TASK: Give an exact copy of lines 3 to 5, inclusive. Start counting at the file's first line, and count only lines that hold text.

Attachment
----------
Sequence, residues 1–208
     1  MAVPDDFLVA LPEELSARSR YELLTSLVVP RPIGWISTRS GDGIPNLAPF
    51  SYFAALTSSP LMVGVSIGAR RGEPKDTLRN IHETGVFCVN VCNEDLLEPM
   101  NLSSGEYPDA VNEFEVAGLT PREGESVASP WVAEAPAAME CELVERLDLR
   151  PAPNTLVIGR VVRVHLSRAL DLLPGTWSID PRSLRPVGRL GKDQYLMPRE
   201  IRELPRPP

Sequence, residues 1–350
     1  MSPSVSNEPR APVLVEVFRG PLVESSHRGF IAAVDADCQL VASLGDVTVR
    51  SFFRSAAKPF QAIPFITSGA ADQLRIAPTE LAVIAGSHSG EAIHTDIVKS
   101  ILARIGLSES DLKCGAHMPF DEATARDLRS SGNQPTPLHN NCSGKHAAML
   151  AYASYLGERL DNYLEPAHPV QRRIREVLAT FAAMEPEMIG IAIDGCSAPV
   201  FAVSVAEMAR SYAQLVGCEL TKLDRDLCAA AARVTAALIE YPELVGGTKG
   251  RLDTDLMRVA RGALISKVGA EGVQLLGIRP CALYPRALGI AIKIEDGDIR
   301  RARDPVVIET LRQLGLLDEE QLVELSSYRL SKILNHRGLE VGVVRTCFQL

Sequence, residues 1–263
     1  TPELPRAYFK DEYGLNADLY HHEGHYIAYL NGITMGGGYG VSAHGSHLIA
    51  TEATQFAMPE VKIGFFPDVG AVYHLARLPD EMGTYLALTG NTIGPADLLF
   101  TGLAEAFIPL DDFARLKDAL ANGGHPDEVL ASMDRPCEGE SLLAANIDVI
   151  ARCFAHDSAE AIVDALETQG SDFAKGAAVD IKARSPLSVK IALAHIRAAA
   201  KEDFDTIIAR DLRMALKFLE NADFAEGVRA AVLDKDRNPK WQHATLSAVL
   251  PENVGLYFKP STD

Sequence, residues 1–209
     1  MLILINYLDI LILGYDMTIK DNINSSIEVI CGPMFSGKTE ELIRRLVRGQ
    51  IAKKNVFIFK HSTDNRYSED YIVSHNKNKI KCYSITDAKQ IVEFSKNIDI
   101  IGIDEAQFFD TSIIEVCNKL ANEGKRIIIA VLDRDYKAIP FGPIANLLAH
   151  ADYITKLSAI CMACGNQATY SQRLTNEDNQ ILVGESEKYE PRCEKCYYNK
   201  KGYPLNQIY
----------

    51  SYFAALTSSP LMVGVSIGAR RGEPKDTLRN IHETGVFCVN VCNEDLLEPM
   101  NLSSGEYPDA VNEFEVAGLT PREGESVASP WVAEAPAAME CELVERLDLR
   151  PAPNTLVIGR VVRVHLSRAL DLLPGTWSID PRSLRPVGRL GKDQYLMPRE